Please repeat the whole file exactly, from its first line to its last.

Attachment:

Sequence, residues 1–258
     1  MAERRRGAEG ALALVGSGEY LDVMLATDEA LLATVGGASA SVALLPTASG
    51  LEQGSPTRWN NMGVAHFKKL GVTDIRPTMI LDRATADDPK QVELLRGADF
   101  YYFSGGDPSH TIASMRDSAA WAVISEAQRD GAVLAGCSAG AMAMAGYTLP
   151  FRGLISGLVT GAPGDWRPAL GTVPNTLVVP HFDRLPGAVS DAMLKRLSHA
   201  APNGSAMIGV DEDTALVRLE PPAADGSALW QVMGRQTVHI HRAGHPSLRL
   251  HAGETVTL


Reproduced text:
Sequence, residues 1–258
     1  MAERRRGAEG ALALVGSGEY LDVMLATDEA LLATVGGASA SVALLPTASG
    51  LEQGSPTRWN NMGVAHFKKL GVTDIRPTMI LDRATADDPK QVELLRGADF
   101  YYFSGGDPSH TIASMRDSAA WAVISEAQRD GAVLAGCSAG AMAMAGYTLP
   151  FRGLISGLVT GAPGDWRPAL GTVPNTLVVP HFDRLPGAVS DAMLKRLSHA
   201  APNGSAMIGV DEDTALVRLE PPAADGSALW QVMGRQTVHI HRAGHPSLRL
   251  HAGETVTL